IDPs (intrinsically disordered proteins) play crucial roles in many important cellular processes such as signalling or transcription and are attractive therapeutic targets for several diseases. The considerable structural flexibility of IDPs poses a challenge for rational drug discovery approaches. Consequently, structure-based drug design efforts to date have mostly focused on inhibiting interactions of IDPs with other proteins whose structure can be solved by conventional biophysical methods. Yet, in recent years, several examples of small molecules that bind to monomeric IDPs in their disordered states have been reported, suggesting that this approach may offer new opportunities for therapeutic interventions. Further developments of this strategy will greatly benefit from an improved understanding of molecular recognition mechanisms between small molecules and IDPs. The present article summarizes findings from experimental and computational studies of the mechanisms of interaction between small molecules and three IDPs in their disordered states: c-Myc, Aβ (amyloid β-peptide) and α-synuclein.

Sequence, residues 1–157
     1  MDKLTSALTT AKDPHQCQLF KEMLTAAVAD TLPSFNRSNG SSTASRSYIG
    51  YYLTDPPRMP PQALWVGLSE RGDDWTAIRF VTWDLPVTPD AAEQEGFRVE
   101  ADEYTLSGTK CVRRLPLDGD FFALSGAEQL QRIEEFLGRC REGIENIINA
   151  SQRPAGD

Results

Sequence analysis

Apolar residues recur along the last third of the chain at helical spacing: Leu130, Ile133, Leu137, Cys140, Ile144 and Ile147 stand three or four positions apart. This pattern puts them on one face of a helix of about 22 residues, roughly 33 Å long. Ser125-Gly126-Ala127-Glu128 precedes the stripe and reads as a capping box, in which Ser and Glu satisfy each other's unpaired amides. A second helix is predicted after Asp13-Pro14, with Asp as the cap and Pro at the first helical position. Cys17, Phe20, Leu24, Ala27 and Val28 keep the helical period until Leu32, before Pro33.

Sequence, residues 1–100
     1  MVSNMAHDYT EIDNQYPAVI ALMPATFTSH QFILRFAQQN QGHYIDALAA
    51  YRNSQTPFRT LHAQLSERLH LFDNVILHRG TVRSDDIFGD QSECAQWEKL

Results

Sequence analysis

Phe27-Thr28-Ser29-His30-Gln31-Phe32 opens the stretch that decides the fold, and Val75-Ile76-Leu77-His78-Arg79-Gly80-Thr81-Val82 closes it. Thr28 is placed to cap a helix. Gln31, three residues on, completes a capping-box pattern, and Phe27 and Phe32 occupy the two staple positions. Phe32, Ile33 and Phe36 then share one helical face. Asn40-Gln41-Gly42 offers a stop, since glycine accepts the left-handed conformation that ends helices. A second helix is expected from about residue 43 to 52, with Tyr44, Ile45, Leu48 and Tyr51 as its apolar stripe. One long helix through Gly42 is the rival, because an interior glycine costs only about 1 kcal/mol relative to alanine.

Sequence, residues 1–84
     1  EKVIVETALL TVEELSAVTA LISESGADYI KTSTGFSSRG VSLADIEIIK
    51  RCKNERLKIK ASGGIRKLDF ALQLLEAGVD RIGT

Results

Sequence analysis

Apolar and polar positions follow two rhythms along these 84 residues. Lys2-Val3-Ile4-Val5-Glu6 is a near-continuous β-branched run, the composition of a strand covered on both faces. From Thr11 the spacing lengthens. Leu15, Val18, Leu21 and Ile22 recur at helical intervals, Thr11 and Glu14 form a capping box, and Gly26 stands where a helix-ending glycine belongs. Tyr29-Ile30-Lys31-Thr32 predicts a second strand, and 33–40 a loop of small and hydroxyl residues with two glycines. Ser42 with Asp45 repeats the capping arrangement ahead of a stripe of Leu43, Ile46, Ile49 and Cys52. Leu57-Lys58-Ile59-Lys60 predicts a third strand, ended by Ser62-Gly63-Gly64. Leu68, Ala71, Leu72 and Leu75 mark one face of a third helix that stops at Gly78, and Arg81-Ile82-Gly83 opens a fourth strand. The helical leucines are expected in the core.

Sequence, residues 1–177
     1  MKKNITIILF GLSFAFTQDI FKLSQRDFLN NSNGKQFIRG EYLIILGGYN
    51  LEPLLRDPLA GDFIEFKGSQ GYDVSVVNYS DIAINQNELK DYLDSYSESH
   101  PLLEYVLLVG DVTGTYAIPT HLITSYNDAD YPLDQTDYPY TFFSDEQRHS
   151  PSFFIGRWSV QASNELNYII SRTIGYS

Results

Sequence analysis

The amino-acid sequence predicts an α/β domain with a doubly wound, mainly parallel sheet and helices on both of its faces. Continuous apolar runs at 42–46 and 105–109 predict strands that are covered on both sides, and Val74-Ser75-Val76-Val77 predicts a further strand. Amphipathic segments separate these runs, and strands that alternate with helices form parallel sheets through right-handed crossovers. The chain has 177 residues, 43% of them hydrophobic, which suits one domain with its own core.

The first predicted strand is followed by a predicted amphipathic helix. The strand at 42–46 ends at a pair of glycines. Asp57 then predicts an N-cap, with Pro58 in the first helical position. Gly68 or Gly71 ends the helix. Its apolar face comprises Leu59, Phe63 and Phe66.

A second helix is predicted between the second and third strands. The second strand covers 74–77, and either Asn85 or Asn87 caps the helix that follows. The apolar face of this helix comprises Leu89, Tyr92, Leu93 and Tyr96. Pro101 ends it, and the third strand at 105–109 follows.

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Conference Article| September 19 2012
Mechanisms of small-molecule binding to intrinsically disordered proteins
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Rémi Cuchillo, Julien Michel; Mechanisms of small-molecule binding to intrinsically disordered proteins. Biochem Soc Trans 1 October 2012; 40 (5): 1004–1008. doi: https://doi.org/10.1042/BST20120086
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